Yesterday I got a short new haircut, to prepare for chemotherapy, and as a “phase 1” in order to not have bald be such a shock in 2-3 weeks.
So I took a couple of selfies, or self-portraits … I prefer that term, with my iPhone, of course. So, here you go, see them below.
Chemotherapy starts this week on Friday. I’m leaving for Victoria this morning. I’ll meet with my lovely (she really is lovely) oncologist on Wednesday (oops, that’s today!) and also with the oncology nurse, who will give me chemo education.
Apparently I will also learn how to give myself a shot in between treatments, to boost white blood cell count. That is not happening. Me giving me a shot?
Me, give myself a needle?
I’ll be calling my doctor, or a walk-in clinic, or the nursing centre near home, or even a stranger! (kidding) … poking myself with a needle between every chemotherapy treatment is part of the process, apparently.
They trash your system, kill off all the cancer cells with chemotherapy … and kill your good cells in the process, so you have to give a needle with some drug (I’ll know the right terms and drugs for the next blog post) that works to fight and boost your white blood cell count back up again before they … do it all over again, chemo.
This all sounds pretty awful to me, and I still can’t believe it’s happening to me.
But, “lymphatic space invasion” … if they got the right chart and pathology report on me (are they sure that they have the right person? (Brenda Johima has cancer, right? Not Suzie or Joanie or BooBoo or Jim?) … anyway, lymphatic space invasion with a high grade 3/3 cancer is nothing to mess with.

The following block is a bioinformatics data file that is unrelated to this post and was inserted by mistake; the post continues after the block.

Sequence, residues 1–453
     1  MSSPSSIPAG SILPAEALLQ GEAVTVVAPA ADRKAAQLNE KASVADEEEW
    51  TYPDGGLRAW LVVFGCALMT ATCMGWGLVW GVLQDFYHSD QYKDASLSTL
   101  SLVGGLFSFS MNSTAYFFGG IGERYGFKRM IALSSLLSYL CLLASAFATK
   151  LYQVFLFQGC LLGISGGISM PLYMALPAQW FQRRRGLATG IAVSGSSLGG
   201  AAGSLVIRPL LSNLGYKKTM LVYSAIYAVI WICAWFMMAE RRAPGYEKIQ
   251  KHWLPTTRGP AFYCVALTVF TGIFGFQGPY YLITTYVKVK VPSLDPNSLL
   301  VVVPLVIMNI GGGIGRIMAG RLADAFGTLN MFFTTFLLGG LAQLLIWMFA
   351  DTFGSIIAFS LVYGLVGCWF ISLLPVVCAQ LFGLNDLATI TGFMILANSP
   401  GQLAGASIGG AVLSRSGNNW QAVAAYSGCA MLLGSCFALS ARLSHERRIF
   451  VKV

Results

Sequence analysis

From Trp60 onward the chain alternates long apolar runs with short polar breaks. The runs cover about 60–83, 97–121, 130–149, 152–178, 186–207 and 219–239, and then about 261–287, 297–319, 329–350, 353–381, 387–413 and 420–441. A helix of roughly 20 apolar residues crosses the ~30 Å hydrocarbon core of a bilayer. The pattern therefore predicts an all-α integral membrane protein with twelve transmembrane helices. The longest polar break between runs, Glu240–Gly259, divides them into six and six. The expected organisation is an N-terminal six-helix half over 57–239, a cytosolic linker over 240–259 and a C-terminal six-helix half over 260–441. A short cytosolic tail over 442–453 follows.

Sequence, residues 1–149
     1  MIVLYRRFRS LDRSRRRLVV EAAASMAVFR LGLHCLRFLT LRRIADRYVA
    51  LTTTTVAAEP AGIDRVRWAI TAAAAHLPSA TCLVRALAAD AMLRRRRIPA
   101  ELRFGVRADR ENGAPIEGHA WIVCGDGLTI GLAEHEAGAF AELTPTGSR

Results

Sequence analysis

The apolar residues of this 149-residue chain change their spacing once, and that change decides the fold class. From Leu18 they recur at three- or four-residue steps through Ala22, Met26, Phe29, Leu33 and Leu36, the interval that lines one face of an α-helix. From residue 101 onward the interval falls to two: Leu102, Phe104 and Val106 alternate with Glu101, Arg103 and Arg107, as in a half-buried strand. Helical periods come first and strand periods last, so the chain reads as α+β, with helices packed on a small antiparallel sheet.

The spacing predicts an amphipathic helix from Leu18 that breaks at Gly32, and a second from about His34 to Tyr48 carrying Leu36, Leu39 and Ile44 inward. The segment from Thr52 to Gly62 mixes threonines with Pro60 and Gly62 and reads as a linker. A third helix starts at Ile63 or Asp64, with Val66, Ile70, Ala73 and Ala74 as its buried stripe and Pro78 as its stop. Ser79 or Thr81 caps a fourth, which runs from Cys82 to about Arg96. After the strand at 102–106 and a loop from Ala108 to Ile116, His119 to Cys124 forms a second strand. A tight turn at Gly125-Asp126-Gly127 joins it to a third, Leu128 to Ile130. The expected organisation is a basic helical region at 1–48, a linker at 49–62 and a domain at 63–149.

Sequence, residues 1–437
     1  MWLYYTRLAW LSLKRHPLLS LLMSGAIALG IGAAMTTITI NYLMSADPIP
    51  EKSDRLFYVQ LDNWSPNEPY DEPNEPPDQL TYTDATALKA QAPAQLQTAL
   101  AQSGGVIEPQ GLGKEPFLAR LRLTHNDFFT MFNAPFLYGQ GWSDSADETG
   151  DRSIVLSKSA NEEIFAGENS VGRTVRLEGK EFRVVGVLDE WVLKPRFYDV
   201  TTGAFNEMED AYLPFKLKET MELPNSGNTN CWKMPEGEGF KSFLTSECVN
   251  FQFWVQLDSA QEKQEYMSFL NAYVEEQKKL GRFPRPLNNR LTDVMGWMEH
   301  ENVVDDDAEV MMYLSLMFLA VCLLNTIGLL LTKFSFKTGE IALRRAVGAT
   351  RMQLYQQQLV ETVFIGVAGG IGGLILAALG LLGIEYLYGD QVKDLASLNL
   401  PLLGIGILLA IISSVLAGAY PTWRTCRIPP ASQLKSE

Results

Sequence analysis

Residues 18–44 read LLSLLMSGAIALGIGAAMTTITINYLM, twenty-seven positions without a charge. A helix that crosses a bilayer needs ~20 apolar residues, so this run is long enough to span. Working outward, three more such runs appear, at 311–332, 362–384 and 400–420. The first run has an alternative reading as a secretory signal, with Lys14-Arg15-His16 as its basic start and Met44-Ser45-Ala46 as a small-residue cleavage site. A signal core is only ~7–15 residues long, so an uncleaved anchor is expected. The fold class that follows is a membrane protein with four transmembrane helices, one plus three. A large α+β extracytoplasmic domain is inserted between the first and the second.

Lymphatic space invasion needs a systemic drug approach to tackle any possible remaining cancer cells in the body that may have traveled via bloodstream or lymphatic system.
(unless I had at least $10,000 minimum for starters, I could get treated in Mexico without chemotherapy. that’s another story, another blog post)
My buddy Teddy can’t be by my side during treatments, sadly. There’s something wrong with our medical system. Our pets are family. I’d love to have him at my side during chemo.
But … focus on gratitude, Brenda. (she talks to herself) I’m grateful! … for the BC Medical care that I DO have, and the experts who will oversee my care, recovery and cure!
I’ll miss the comfort that Teddy gives me for a few days, and the laughs and fun!
But I’m grateful! I’m grateful that I own such a lovely and smart, and entertaining and happy, joyful, silly, beautiful, handsome, gorgeous dog! Truly I am grateful for Teddy, every single day.
Next, I really hope I’m feeling well after my 1st chemo session, as it’s a 3-4 hour drive back home. I’m getting picked up to be driven home, so at least Teddy will be in the car for the car ride back home.
I’m grateful I have someone to pick me up and drive me home.
I look kind of healthy in these photos. I wonder if they’ve made a mistake and have the wrong person? I wish it were true.
There’s so much to be grateful for, even through all of this incredibly scary stuff.
I have a roof over my head, on an Island surrounded by nature and paradise. I’ve got healthy food in my belly each and every day.
I’m healthy. Yes, I AM healthy … with a little blip, a glitch of cancer thrown in my way at the moment.
I’m grateful for being loaded with creative talents and creativity that buzzes in my brain 24/7 … and … I’m super grateful! … for all the kind people, mostly strangers, and a few long time friends, who have come forward to pray, think good thoughts, and send me positive vibes, daily, to get through this.
Love can be felt through cyberspace. Never underestimate the difference you may make in somebody’s life.
Go now, spread some love, take an action that will help somebody. You’ll never regret it.
Be a love boomerang. It will come back to you. Send it out there.
Oh my goodness, all this spewing of words from a new haircut? I love the creative process.
And now I’m off, today, to chemotherapy and more, at the BC Cancer Agency, Vancouver Island Centre.